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The Chloroform Plot To Hijack the Monitor!
Maurice S. Albin, M.D.
Anesthesiology, Univ. Texas Health Science Center, San Antonio, Texas, United States
On March 8, 1862, a fearful apparition appeared off the waters of Hampton Roads, Virginia. It belched smoke from twin smokestacks and its sloping, black, iron-plated sides were punctuated by its batteries of heavy large-bore cannons situated fore and aft, port and starboard. It was the Confederate States Ship (CSS) Virginia, whose ironclad body was built over the captured hulk of the United State Ship (USS) Merrimac. In short order it challenged and terrorized the Union fleet of wooden (and mostly sail-driven warships) by destroying the USS Cumberland and USS Congress and then returned to Hampton Roads to resupply its stores of munitions and fuel. On the next day, March 9, 1863, another naval engagement occurred, which was to forever change the face of naval warfare. The CSS Virginia left its mooring in the early AM, expecting to continue on with its rampage against the Union fleet, when it found itself being attacked by another ironclad, the USS Monitor. The vessel, later dubbed by many as a "cheese box on a raft," had a cigar-shaped body, lay low in the water, and carried on it an armored rotating turret containing two guns capable of throwing a 100 pound projectile a considerable distance. The Monitor also had a pilot-house on deck where the navigator, steersman and Captain were stationed and also sported a screw propeller and a steam engine. This "Battle of the Ironclads" lasted for more than four hours, with both ships withdrawing virtually unscathed.

The flat deck of the USS Monitor floating very low in the water made it a potential target for capture, especially since almost all of the Monitor's crew were stationed below deck with only a small number working inside the turret and pilothouse. After the engagement between the USS Monitor and CSS Virginia, an exciting plan was proposed to hijack the Monitor. This would then allow the Confederate Navy (now possessing 2 ironclad ships) to wreak havoc along the Atlantic coast, negating the Union blockade, destroying shipping and even threatening the ports of New York and Boston! (Southern Historical Society Society Papers, Vol. XIX Richmond VA. 1891, Echoes from Hampton Roads, R.C. Foute). The strategy called for a boarding party of 50 seamen distributed in four gunboats and equipped with grappling irons and lines, wedges and mallets, hand grenades and small arms and tarpaulins and CHLOROFORM. The basic idea "was for all four of these vessels to pounce down on the Monitor at the same time: on a given signal, and from different directions, all hands were to rush aboard, wedge the turret so as to prevent its revolving, then seal its sides, deluge the interior with CHLOROFORM by breaking the bottles on the upper deck, and then cover the turret and pilot house with tarpaulins and wait for the crew to surrender." This attempt to capture the Monitor took place on April 11, 1862, but could not be brought to fruition because the Monitor had sailed out of reach! The author of this report, Richard Chester Foute was an Acting Midshipman aboard the CSS Virginia during these battles and was cited for bravery by the Captain, Flag Office Franklin Buchanan, C.S. Navy. It would be interesting to speculate what might have happened to the outcome of the CivilWar had the CHLOROFORM plot to hijack the Monitor been successful! The use of chloroform was well known by the Southern medical establishment. Julian Chisolm, M.D., a Confederate Surgeon, published a textbook of surgery in 1861, in which he had a section dedicated to the use of chloroform. Dr. Chisolm was also the inventor of a chloroform nasal inhaler. (see Albin MS: The use of anesthetics during the Civil War, 1861-1865. Pharmacy in History, 42:99-114, 2000.)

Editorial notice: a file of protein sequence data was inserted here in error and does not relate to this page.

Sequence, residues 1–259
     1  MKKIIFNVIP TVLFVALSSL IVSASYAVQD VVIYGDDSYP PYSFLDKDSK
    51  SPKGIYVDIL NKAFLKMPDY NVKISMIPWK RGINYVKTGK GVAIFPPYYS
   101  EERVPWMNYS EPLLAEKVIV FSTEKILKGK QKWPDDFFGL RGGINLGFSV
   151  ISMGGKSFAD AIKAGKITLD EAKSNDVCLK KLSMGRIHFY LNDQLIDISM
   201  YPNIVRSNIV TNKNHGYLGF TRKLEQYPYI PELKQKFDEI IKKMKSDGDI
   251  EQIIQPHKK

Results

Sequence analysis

Anesthesiology 2001; 95:A1168